Notice the hashes don’t match! This proves that some part of the authenticity of this message has been tampered with and the message shouldn’t be trusted.
Non-Repudiation: Shared Secrets vs Signatures
Let’s extend the ownership of our shared secret to include everyone in our organziation and that everyone in our organization uses the same shared secret to generate MACs for message exchange.
Since everyone in the organization uses the same shared secret, you now can only verify that the message came from someone within the organziation, and not a particular individual.
When shared keys are overly shared, message authors are able to repudiate (or deny) that they wrote any given message. In other words, the MAC scheme we’ve chosen no longer provides non-repudiation (the ability for an author to deny ownership of a message).
If you need guarantees for non-repudiation (you need to be able to prove who wrote a given message), you should look into digital signatures using public-key cryptography.
The example above is simple and contrived. Passing simple messages back and forth between individuals is better served using public-key encryption rather than a MAC.
In the real world, MACs are usually used between software applications to sign data being passed back and forth between them.
API Request Signing
Back in the 2000s, many public APIs used the same approach as we did above to authenticate API calls from client applications. The most well known at the time was the Flickr API.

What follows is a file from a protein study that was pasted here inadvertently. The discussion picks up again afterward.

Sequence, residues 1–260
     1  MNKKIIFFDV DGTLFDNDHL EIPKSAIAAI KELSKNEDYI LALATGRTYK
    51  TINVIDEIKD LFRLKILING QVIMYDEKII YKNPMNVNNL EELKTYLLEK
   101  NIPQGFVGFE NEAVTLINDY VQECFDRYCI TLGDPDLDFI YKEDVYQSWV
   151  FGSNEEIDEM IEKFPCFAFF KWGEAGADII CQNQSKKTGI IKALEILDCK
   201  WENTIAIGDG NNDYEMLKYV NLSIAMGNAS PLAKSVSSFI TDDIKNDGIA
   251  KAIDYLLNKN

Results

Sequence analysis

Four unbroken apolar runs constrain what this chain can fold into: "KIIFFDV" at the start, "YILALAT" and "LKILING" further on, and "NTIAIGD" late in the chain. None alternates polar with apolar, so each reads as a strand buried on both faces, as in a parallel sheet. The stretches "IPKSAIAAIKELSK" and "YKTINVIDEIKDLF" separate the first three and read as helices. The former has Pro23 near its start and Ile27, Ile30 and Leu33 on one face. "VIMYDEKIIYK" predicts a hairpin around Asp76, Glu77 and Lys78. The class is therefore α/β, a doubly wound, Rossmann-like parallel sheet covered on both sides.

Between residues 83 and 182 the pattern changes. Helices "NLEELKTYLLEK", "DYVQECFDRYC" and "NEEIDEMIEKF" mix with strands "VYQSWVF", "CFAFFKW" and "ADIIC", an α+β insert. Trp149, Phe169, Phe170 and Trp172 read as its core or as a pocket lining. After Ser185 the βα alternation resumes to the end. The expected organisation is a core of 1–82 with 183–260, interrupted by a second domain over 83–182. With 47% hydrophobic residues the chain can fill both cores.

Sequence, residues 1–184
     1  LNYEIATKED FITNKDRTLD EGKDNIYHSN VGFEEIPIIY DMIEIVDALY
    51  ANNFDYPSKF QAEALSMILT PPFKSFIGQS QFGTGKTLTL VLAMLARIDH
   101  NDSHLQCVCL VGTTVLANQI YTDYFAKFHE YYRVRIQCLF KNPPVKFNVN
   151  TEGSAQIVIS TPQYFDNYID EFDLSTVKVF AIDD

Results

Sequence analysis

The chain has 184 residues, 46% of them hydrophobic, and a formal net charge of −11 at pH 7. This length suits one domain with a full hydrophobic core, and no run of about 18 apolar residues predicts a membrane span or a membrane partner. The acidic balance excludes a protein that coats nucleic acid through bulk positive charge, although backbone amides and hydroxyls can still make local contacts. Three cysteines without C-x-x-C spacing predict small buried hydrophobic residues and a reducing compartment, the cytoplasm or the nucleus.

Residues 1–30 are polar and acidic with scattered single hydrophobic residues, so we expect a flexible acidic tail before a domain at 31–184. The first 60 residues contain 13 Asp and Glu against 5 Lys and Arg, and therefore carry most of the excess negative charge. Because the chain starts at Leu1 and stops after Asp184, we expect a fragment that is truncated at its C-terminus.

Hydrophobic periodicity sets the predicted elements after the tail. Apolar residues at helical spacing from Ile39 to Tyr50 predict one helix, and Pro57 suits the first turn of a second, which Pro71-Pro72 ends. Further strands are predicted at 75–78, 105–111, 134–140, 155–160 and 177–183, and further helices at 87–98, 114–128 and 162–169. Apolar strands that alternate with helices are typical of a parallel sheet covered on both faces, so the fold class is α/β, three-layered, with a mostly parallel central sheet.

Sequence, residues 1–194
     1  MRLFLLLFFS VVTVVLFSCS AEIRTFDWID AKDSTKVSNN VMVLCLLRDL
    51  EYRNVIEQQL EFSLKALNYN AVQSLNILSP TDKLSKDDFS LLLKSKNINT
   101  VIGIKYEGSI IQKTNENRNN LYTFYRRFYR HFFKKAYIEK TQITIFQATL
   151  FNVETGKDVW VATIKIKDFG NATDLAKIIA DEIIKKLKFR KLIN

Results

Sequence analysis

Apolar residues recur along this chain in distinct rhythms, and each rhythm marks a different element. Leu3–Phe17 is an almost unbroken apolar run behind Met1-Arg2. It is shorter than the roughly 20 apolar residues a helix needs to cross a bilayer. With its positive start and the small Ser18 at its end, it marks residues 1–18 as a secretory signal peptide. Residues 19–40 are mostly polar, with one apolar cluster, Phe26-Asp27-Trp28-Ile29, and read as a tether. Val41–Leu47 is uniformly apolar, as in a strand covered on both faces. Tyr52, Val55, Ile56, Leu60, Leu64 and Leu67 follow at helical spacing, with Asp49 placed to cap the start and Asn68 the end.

If you wanted to use Flickr’s data within your app, you would first need to register your App. Flickr would then generate an API key and a shared secret for you to use. Everytime you called the Flickr API, you would include your API key and sign your request using the shared secret. Request signing went like this:
- Sort your argument list into alphabetical order based on the parameter name. e.g. foo=1, bar=2, baz=3 sorts to bar=2, baz=3, foo=1
- Concatenate the shared secret and argument name-value pairs. e.g.
- calculate the
md5()hash of this string.
- append md5 digest to the argument list with the name
Notice how the shared secret was prefixed onto the sorted parameters. This is exactly the same as how we verified our MAC-SHA1 signatures above.
While simple, the method we’ve used (and Flickr used to use) is vulnerable to length extension attacks and shouldn’t be used. More details on the Flickr vulnerability can be found in the whitepaper: Flickr’s API Signature Forgery Vulnerability - Thai Duong and Juliano Rizzo.
Length Extension Attacks work against the Merkle–Damgårdhashing family of hash functions. This includes MD5, SHA1, SHA-224, SHA-256, SHA-384, SHA-512, SHA-512⁄224, SHA-512⁄256 and others.
There are more secure ways to create MACs using a schema similar to the one we’ve created.
AWS S3 Request Signatures using HMAC
- Why is h(m||k) insecure? - crypto.stackexchange.com
- Why is 𝐻(𝑘‖𝑥) not a secure MAC construction? - crypto.stackexchange.com
- What’s the weakness of keyed-MD5 for message authentication? - crypto.stackexchange.com
- On the Security of Two MAC Algorithms
- Handbook of Applied Cryptography - Ch. 9
- Message Authentication - https://en.wikipedia.org/wiki/Message_authentication
- Message Authentication Code - wikipedia.com
- What is the difference between MAC and HMAC? - crypto.stackexchange.com
Length Extensions Attacks
- Hash Length Extension Attacks - whitehatsec.com
- Everything you need to know about hash length extension attacks - skullsecurity.com
- Length extension attack - wikipedia.com
- Flickr’s API Signature Forgery Vulnerability - Thai Duong and Juliano Rizzo